Realizing the spirit of Christmas is about being together and not about the trappings, everyone lifts their voices and sings "O Come All Ye Faithful" at the Pizza Bowl party. 

I think my favorite scene of this episode is the closing tag.  Shirley finds Laverne sitting under the tree early Christmas morning eager to exchange gifts.  The friends rip open the wrapping on their gifts at the same time--to uncover identical gifts.  Each roommate has given the other an autographed, framed photo of Elvis Presley.  Although both women are very happy with the new 8x10s of their singing idol, Shirley responds, "At least I spelled 'Presley' correctly." This classic punchline cracks me up every time I hear it.


Best friends exchange identical gifts--it's funny every time!

Are you interested in joining a twitter Christmas party in July?  Since Christmas programming airs year round, I'm thinking we should be able to find something fun to watch during the month of July that we can all watch together and comment on at Twitter.  Are you interested?  Leave your comments below.




Tuesday, January 13, 2015

CHiPs Christmas (1979)

Are those quotation marks necessary?
 
I've been enjoying watching episodes of CHiPs every weekday on MeTV over the last several months.  But when I read our guest blogger's essay about BJ and the Bear from last week, I was reminded that one of the episode's guest stars, Pamela Susan Shoop (she played Alison in "Silent Night, Unholy Night"), also appeared in another Christmas episode in 1979--in "Christmas Watch" on the TV drama CHiPs.  What an exciting Christmas Shoop must have had that year!


CHiPs officers listening to the story of the stolen bell.


Who would steal from these cute kids?

Let me walk you through this yuletide episode.  The California Highway Patrol officers are reminded by Sgt. Getraer that they should be on high alert for thieves over the holidays.  Sure enough, a local church reports that their youth group had raised funds to purchase an antique bell for the belltower.  When the precious delivery is made, a man and a woman claiming to be from a contractors service convince the youth group leader that the bell needs further repairs and offer to fix it before the Christmas Eve service.  Later, the reverend discovers the church and its parishioners have been ripped off.  Officer Poncherello feels badly about the church's loss and promises to work hard to find the thieves.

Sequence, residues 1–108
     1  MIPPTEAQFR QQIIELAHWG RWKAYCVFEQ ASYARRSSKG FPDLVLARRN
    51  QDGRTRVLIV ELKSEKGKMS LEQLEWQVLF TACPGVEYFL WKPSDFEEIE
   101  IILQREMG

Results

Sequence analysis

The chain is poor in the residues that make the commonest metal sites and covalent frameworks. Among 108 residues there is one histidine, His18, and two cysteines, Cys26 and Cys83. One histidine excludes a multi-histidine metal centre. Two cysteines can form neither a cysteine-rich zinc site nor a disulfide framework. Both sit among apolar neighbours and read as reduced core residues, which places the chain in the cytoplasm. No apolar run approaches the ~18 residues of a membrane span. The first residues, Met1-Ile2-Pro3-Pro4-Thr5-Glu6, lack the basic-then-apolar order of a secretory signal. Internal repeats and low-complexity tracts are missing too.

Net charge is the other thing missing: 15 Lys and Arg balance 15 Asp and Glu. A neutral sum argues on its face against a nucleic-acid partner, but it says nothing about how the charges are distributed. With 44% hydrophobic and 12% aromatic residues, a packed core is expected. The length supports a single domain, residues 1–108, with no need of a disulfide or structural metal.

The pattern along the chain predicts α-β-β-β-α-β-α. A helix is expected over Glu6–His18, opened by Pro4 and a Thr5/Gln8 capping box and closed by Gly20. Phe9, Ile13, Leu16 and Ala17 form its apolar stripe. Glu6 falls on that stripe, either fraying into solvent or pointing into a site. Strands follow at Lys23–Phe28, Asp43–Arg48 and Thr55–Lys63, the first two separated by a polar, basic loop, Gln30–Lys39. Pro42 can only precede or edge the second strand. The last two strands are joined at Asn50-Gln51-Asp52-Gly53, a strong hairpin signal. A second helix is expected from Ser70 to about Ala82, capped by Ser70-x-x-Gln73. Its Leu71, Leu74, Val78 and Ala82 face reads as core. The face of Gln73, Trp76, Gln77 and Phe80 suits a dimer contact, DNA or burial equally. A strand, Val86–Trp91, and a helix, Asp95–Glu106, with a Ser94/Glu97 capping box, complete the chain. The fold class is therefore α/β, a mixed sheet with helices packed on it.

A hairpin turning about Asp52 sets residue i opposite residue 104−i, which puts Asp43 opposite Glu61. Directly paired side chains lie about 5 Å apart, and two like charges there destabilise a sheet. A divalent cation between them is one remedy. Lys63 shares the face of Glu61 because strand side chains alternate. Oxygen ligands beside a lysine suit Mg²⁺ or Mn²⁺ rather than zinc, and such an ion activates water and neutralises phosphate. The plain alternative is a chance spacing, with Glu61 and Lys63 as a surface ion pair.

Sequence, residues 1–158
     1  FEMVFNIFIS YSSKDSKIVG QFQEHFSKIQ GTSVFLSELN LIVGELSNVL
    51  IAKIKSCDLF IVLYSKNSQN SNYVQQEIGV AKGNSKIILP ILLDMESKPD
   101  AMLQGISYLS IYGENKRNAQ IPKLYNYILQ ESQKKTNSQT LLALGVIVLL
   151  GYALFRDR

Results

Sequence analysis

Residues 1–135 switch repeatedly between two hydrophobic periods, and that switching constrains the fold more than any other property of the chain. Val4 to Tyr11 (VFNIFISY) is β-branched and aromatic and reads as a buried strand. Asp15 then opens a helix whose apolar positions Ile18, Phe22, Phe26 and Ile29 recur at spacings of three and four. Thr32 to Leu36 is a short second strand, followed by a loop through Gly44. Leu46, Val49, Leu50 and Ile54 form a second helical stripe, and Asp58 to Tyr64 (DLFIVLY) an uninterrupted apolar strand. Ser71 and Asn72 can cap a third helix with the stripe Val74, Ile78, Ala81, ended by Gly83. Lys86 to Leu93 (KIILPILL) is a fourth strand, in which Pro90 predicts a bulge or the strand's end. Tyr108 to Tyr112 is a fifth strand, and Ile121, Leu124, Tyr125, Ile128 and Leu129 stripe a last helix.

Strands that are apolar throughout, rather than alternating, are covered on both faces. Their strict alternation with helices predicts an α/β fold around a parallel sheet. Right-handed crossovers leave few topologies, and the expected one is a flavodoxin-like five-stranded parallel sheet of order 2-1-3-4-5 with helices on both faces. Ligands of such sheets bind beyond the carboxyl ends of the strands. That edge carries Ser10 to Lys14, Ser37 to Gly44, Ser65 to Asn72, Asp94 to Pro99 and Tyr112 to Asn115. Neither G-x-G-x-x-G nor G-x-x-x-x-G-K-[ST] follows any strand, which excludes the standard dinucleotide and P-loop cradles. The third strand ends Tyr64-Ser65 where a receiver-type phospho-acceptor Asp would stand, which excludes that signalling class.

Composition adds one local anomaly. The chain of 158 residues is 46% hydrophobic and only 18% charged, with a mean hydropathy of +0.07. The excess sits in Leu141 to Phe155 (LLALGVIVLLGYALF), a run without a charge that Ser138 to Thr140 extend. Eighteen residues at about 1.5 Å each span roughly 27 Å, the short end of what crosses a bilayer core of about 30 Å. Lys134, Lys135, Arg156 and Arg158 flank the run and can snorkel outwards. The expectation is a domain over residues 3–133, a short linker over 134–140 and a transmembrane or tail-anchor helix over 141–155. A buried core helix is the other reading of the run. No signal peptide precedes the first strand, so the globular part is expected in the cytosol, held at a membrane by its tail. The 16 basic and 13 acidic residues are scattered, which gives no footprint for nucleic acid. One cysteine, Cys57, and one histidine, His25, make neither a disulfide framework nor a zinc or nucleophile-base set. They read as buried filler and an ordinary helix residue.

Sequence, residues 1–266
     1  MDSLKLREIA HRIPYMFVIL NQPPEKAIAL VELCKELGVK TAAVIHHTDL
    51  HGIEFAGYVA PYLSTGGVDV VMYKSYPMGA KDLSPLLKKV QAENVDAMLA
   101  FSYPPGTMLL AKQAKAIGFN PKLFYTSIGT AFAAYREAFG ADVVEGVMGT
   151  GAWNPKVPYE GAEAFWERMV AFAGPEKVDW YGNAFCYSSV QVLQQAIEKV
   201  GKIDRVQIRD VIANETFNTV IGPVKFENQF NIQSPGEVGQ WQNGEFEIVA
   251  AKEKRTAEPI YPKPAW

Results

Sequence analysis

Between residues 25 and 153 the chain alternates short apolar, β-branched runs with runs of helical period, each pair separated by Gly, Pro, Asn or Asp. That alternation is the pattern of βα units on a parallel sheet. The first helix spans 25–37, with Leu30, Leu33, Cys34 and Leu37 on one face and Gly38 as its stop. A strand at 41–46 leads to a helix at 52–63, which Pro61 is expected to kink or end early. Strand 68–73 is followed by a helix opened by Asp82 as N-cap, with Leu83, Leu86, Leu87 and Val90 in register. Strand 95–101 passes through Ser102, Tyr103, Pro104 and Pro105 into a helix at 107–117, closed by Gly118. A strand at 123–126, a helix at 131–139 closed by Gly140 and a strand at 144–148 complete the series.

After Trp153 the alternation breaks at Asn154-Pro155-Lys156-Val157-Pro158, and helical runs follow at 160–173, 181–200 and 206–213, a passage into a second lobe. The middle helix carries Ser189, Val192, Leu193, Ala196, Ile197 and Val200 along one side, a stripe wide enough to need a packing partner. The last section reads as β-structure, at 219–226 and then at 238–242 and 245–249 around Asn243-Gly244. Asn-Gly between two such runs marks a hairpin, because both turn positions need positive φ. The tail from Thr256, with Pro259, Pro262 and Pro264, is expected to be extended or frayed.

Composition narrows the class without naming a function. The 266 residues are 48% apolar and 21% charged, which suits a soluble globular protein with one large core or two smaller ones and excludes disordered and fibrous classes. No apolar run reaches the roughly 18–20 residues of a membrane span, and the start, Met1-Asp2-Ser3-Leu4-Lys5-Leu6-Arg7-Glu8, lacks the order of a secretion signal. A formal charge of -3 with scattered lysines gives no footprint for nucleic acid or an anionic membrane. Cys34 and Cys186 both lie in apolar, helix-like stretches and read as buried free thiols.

Recognize Rev. Warmer?  That's actor William Schallert.  Just last year, I blogged about his appearances in the Christmas episodes of The Patty Duke Show and The Many Loves of Dobie Gillis.

TV viewers follow the couple responsible for stealing from the church.  We see that they have several cons going this Christmas.  Another theft we see them work is to pass themselves off as potential buyers to private owners looking to sell their vehicle.  The "husband" checks under the hood and asks to take a test drive while offering his driver's license and several credit cards to the owner to hold as collateral.  When the couple never returns the automobile after the test drive, the police discover the ID and credit cards are fakes.

"We saw the ad in the newspaper about selling your fancy blue station wagon.  Can we take it for a test drive?"



"We'll be back in a few moments--WE PROMISE!" 

Making the crime even more crippling, the "husband" waits several hours after stealing the auto and then calls the private owner on the telephone posing as a police officer.  Sure that the owner has already called the police, the thief requests that the owner come to the local police department and identify the car thieves.  When the owner leaves her home, the car thieves break in and empty her residence of its valuables and Christmas gifts too!  What a nightmare.


Pamela Susan Shoop plays Alice Piermont, half of the criminal couple that is responsible for ruining Christmas for so many.

Before the inevitable car chase at the end of the episode, there are a few minor stories as well.  Three inebriated men in a car pull up to the CHiPs station house fuel pumps and ask the officers to fill up the gas tank!  Turns out the men have just left an office Christmas party and are too drunk to really know what they are doing--or where they are doing it.  Yes, they are removed from the vehicle and taken somewhere to dry out.  Later, the driver of the vehicle returns to the station, now sober, and thanks Ponch and John for stopping him before he hurt someone. TV junkies may recognize that quite a few cop shows include a Christmas storyline about drunk drivers behind the wheel after leaving the office holiday party.


Drunk driver pulls up to police station and asks for a fill-up.  Oh boy!


Of course, Officer Grossman is "supervising" the decorating of the tree.



Ponch's Christmas improves once his mother arrives.

There's also a story line about Ponch missing his family this Christmas.  What he doesn't know is that his fellow officers have made arrangements for Ponch's mom to come to Los Angeles from Chicago to spend the holiday with him.  After her arrival, she gets to see how important his work is to the community he serves.  She also witnesses her son return the 15th century bell to the children at the church on Christmas Eve--but you knew that was going to happen, right?